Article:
John Jost is Professor of Psychology and Politics and Co-Director of the Center for Social and Political Behavior at New York University. His research addresses stereotyping, prejudice, political ideology, and system justification theory. He has published over 200 journal articles and book chapters and four co-edited book volumes. He has received numerous honors and awards, including the Gordon Allport Intergroup Relations Prize, Erik Erikson Award for Early Career in Political Psychology, International Society for Self and Identity Early Career Award, Society for Personality and Social Psychology Theoretical Innovation Prize, Society of Experimental Social Psychology Career Trajectory Award, and the Morton Deutsch Award for Distinguished Scholarly and Practical Contributions to Social Justice. In 2018, he received an honorary doctorate from the University of Buenos Aires in Argentina.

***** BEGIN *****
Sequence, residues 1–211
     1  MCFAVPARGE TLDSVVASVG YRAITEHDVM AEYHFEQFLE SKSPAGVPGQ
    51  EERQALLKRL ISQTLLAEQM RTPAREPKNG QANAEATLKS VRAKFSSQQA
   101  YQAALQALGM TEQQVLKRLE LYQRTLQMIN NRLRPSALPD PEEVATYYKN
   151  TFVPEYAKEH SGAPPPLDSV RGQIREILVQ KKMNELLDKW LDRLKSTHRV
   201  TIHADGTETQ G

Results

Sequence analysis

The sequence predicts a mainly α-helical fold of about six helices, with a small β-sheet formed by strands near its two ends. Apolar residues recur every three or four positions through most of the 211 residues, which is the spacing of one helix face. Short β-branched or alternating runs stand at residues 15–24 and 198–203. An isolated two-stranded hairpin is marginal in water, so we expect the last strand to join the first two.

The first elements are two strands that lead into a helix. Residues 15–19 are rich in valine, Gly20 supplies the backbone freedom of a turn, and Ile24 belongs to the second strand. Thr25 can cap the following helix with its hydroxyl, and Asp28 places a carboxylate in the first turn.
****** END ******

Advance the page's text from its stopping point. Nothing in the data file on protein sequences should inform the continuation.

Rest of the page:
July 3rd, 2019 | 1 hr 26 mins
activism, conservatism, liberal bias, politics, trump
Yoel and Mickey welcome social and political psychologist John Jost from New York University to the podcast. In a conversation centered on politics, John talks about the psychological underpinning of conservativism and why he’s not worried about the lack of conservatives in academia.